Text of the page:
73, John K3TN

  4. John,

    Thanks for the comment again.

    You seem to agree with me in the point that contests occupy too many weekends and disrupts the other aspects of ham radio activities. This should be corrected by CWops or other CW clubs etc.

    The next point is the question if computer and/or internet aid will activate ham radio. Does computer aided contesting will attract young new comers? I don't know the answer. I am inclined, however, to say no. So far as I have oberved contesting of the university clubs here, there are much less activities among them. It may mean that computer aid is not attractive enough to those young generation to stay in contesting activity. I have lost interests in computer aided contesting years ago.

    A fundamental question for me is what contests meant in the beginning of ham radio and what it still means to ham radio. Ham radio used to start with wish to communicate with people far away. When it was established, the pioneer hams might want to test their ability to communicate efficiently and proficiently with them. I guess that was the fundamental motivation of contesting in the pioneer era. At present, however, contesters seem to have forgot where contests came from. I could not help feeling that they have been changed from what they should be. Winning or only working as many as possible seems to be the only end in contesting for them. It has become a kind of game without any humanity.

    I cound not put up with such as CWops heading mainly to contesting. I am sure any idea leading to the other directions than that to the fundamental of ham radio as well as contesting won't work out.

    This discussion might not be very fruitful. For contesters enjoy contests as they are while I don't. It is a problem of liking to contesters, I guess.

    So it is my main question to contesters if they feel happy to occupy bands every weekend while the non contesters are forced to stay off the air.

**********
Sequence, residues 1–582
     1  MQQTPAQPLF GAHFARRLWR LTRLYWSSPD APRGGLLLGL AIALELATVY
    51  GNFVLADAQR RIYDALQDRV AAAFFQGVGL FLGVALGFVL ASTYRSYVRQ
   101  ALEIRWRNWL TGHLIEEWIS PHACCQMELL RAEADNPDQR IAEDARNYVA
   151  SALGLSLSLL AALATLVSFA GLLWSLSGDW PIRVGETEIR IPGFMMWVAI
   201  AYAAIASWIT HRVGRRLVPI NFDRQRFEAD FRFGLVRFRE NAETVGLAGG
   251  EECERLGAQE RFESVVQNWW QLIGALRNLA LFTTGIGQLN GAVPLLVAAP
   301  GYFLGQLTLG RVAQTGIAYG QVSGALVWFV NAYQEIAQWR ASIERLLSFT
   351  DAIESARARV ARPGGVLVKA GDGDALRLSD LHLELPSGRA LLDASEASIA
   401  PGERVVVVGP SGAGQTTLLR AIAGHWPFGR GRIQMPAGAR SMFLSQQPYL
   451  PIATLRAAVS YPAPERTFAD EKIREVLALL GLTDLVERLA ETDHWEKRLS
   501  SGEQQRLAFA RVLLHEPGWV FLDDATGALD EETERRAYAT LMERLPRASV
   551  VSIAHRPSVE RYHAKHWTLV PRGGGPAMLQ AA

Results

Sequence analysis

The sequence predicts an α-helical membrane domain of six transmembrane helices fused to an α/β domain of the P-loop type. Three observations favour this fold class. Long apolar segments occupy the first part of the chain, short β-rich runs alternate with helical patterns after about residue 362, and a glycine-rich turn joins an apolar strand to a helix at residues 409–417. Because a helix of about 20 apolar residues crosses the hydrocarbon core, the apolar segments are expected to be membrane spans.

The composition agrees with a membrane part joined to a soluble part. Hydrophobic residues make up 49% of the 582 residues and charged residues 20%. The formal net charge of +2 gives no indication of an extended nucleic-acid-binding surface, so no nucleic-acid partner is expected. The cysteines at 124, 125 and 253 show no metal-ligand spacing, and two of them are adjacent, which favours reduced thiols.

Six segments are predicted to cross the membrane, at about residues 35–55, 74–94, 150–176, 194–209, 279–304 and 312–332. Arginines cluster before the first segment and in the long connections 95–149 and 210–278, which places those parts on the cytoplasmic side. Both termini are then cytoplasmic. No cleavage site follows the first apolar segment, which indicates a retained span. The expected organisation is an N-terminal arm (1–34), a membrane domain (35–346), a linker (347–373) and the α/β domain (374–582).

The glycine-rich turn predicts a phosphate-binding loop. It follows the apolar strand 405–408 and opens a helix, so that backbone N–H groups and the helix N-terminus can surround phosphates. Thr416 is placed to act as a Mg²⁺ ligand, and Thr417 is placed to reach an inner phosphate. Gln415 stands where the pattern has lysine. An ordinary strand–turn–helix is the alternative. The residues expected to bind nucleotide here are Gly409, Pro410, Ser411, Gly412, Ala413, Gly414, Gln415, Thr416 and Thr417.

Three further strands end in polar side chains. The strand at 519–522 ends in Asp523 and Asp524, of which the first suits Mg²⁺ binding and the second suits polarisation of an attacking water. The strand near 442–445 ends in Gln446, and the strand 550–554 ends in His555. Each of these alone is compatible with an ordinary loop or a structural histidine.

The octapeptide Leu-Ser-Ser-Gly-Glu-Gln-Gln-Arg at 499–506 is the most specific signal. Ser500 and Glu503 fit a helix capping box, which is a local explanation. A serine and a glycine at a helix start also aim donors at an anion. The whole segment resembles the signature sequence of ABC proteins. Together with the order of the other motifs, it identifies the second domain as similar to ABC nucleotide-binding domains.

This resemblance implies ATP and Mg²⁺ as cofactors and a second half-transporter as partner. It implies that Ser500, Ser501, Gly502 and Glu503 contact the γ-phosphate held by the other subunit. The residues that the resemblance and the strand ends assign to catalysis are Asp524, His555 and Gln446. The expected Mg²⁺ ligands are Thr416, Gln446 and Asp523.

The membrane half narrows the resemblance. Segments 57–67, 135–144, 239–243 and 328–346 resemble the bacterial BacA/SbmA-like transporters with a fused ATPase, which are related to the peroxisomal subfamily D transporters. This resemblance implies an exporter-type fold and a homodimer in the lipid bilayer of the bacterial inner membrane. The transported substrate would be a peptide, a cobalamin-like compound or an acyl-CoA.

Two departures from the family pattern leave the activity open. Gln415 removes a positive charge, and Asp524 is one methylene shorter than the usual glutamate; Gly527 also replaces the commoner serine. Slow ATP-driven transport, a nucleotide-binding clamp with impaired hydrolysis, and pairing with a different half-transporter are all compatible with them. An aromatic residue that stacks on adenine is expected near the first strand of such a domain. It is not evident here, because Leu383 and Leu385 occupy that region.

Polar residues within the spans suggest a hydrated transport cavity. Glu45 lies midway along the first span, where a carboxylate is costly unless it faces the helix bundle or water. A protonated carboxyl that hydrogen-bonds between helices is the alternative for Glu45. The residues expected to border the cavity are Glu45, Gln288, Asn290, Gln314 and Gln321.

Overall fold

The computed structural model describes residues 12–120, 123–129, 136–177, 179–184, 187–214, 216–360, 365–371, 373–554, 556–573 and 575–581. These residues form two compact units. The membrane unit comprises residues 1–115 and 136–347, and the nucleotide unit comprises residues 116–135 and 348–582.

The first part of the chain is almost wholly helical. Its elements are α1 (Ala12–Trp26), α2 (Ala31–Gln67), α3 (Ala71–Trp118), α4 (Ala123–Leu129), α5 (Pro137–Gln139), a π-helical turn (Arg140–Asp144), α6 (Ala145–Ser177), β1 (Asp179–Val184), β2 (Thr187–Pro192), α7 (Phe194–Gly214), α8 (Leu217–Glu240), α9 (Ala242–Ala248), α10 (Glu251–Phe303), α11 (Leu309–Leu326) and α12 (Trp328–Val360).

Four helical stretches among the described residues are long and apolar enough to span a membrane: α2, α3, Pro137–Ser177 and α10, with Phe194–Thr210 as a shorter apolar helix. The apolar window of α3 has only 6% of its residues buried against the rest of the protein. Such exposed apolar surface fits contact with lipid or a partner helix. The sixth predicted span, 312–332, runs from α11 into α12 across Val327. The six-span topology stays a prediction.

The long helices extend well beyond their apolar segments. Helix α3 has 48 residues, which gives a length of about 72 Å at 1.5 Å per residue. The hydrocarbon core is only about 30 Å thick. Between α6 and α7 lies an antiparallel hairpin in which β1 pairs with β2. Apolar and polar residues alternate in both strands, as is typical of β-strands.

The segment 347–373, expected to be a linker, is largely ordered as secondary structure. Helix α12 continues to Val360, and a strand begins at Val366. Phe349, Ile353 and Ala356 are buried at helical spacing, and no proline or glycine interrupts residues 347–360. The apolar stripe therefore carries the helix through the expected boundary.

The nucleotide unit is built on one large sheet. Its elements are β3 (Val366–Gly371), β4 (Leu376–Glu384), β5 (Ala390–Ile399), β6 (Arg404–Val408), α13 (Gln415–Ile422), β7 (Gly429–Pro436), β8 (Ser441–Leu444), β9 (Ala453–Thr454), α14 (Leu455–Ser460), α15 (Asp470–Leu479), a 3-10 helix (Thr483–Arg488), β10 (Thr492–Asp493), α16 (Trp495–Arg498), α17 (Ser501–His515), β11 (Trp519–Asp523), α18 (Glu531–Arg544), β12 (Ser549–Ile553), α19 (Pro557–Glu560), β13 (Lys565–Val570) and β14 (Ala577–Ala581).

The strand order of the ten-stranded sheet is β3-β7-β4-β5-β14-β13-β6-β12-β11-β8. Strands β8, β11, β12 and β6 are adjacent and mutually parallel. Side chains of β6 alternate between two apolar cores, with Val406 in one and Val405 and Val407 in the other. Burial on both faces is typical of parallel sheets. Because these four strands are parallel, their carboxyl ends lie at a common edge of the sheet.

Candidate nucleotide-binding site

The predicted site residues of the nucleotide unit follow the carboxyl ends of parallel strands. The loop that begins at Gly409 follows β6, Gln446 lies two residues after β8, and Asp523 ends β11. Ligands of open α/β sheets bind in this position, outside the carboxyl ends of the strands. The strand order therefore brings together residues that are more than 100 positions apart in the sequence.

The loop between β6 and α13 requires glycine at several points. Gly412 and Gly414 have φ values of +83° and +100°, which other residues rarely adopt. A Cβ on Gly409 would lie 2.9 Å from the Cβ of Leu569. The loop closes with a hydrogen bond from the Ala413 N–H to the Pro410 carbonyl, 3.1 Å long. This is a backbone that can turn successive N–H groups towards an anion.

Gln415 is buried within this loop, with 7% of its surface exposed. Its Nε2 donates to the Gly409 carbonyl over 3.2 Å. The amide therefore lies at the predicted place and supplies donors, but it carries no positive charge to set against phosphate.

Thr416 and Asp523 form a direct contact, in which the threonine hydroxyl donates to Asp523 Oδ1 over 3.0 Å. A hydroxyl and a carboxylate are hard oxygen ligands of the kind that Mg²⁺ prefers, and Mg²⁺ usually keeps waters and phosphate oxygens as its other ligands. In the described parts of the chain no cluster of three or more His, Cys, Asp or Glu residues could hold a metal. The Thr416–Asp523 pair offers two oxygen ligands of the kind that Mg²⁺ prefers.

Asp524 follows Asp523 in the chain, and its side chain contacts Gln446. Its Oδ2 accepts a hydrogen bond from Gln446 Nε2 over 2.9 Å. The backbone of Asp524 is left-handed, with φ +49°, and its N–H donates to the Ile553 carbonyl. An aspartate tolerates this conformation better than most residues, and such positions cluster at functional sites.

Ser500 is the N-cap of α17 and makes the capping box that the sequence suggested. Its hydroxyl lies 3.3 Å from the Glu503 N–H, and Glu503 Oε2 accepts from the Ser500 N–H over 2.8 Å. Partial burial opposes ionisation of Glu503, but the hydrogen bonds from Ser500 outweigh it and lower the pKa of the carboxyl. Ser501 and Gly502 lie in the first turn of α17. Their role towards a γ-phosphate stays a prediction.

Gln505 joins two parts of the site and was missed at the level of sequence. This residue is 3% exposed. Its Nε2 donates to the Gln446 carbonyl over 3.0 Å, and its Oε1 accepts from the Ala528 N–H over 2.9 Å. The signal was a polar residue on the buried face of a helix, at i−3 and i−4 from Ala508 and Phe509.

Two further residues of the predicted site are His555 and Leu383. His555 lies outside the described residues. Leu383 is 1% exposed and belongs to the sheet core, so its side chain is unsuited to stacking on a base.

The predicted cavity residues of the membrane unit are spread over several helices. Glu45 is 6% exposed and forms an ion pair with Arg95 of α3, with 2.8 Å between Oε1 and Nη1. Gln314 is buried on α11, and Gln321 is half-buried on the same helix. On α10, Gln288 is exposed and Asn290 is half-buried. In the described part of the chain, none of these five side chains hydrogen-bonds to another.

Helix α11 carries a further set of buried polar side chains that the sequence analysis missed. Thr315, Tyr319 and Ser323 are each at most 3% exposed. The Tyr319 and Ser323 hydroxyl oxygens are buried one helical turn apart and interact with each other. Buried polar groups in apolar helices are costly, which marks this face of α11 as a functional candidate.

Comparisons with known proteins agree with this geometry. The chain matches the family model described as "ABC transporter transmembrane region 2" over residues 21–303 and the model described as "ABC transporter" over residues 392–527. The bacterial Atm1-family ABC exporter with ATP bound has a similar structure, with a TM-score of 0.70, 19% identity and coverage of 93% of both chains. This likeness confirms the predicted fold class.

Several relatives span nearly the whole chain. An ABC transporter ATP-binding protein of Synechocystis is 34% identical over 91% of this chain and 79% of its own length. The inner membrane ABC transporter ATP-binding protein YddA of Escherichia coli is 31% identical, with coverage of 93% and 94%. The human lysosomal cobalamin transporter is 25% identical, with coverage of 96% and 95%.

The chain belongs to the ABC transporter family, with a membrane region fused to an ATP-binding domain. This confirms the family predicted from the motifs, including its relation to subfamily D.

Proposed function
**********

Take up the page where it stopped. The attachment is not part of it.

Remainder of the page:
5. Shin,

    Sorry to hear you have quit CW Ops. Now there does not seem much point in me being active in the club since you are gone.

    I am off the air for a few months now because my station was hit by lightning, but I am putting together a new setup and will be active again in the new year.

    I spend a lot of time listening to your CW and improving my copying speed. I am still not comfortable with very high speeds so thank you for slowing down. I hope your family is well and I will see you again one day I am sure.

    Thanks for all the encouragement in the past.

    73 John 9 V 1 V V

  6. John,

    Welcome home again. I sure have missed you for weeks. I knew your set up was hit by a lightning. A too horrible event. I used to experience it years ago. I hope you to set them back again very soon. Any damages to your electrical items other than radio gear?

    I should have quit the club more quietly. It is concerned about my belief on ham radio but not about the other people's liking etc. I feel quite happy and free at present. I am getting even more active on the air as you might know.

    Thanks for monitoring me on the air hi. I know you are good at pretty high speed as well. I would exercise my bug a little bit in modest speed but feel tired in some 10 or 15 min. I should patiently practise it. So I would hear from you again soon. If you need any electrical items or parts not available there, let me know that.

    A very best holiday season to you and yours all. Listening the 4th symphony of Brahms.